Ohio Committee Makes Preliminary Recommendations for Death Penalty Reform

A committee empaneled by the Chief Justice of the Ohio Supreme Court made three preliminary recommendations at its June meeting for reforming the state’s death penalty. The panel, which consists of prosecutors, defense attorneys, judges, and academic experts, voted to recommend a reduction in the scope of crimes eligible for the death penalty, the creation of a statewide panel to decide on seeking a death sentence, and the enactment of a Racial Justice Act. The restriction of capital crimes would limit the death penalty to only those cases that involved the murder of multiple victims, a child under 13, or a police officer, or a murder committed to escape detention or eliminate a witness. The statewide review panel would consist of former prosecutors, who would examine potential capital cases to determine whether local prosecutors could bring capital charges. A Racial Justice Act would allow death row inmates to use statistical studies to support claims of racial bias in state courts. While the proposals received a majority vote from the committee, not all members supported them and some opponents were absent from the meeting. A final report is due by the end of the year.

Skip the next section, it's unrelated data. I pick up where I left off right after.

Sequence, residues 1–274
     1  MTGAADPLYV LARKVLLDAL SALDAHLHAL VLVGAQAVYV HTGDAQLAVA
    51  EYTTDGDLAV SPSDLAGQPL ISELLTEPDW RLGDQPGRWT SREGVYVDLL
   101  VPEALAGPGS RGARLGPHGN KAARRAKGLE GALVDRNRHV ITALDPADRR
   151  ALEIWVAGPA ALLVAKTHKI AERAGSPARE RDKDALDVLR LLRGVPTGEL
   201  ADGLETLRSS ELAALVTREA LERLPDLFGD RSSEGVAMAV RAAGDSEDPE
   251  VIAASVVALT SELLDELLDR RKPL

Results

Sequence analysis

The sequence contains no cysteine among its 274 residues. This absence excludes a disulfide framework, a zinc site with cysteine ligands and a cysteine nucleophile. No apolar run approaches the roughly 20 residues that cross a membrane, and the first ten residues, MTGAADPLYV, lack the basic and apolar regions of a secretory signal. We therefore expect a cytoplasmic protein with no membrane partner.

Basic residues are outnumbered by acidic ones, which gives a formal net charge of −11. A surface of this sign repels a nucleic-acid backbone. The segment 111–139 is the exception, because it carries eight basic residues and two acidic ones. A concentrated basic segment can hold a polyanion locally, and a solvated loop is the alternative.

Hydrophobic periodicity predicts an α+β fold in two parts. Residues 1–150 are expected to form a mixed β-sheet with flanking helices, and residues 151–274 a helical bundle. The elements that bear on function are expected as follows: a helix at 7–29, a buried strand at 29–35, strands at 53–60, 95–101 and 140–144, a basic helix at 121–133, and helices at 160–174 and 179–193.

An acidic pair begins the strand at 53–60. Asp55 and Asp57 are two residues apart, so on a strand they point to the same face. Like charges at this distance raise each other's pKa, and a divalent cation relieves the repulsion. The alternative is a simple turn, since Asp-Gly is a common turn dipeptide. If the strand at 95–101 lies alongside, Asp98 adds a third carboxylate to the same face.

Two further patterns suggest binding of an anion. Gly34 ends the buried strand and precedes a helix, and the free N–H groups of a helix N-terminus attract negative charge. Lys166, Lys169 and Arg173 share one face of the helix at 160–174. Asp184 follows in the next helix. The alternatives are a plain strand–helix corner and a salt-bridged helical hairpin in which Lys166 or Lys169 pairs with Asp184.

(A. Welsh-Huggins, “Analysis: Divisions mark Ohio death penalty panel,” Associated Press via the Modesto Bee, July 15, 2013). See Studies and Race.